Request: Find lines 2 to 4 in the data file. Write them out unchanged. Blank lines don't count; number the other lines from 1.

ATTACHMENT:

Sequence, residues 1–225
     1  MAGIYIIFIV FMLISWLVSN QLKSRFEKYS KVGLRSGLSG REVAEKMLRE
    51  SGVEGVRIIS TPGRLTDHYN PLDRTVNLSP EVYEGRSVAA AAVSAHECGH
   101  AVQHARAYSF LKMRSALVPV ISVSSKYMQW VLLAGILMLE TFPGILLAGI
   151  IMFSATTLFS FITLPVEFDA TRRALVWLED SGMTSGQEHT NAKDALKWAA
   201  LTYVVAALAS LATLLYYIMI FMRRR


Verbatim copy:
     1  MAGIYIIFIV FMLISWLVSN QLKSRFEKYS KVGLRSGLSG REVAEKMLRE
    51  SGVEGVRIIS TPGRLTDHYN PLDRTVNLSP EVYEGRSVAA AAVSAHECGH
   101  AVQHARAYSF LKMRSALVPV ISVSSKYMQW VLLAGILMLE TFPGILLAGI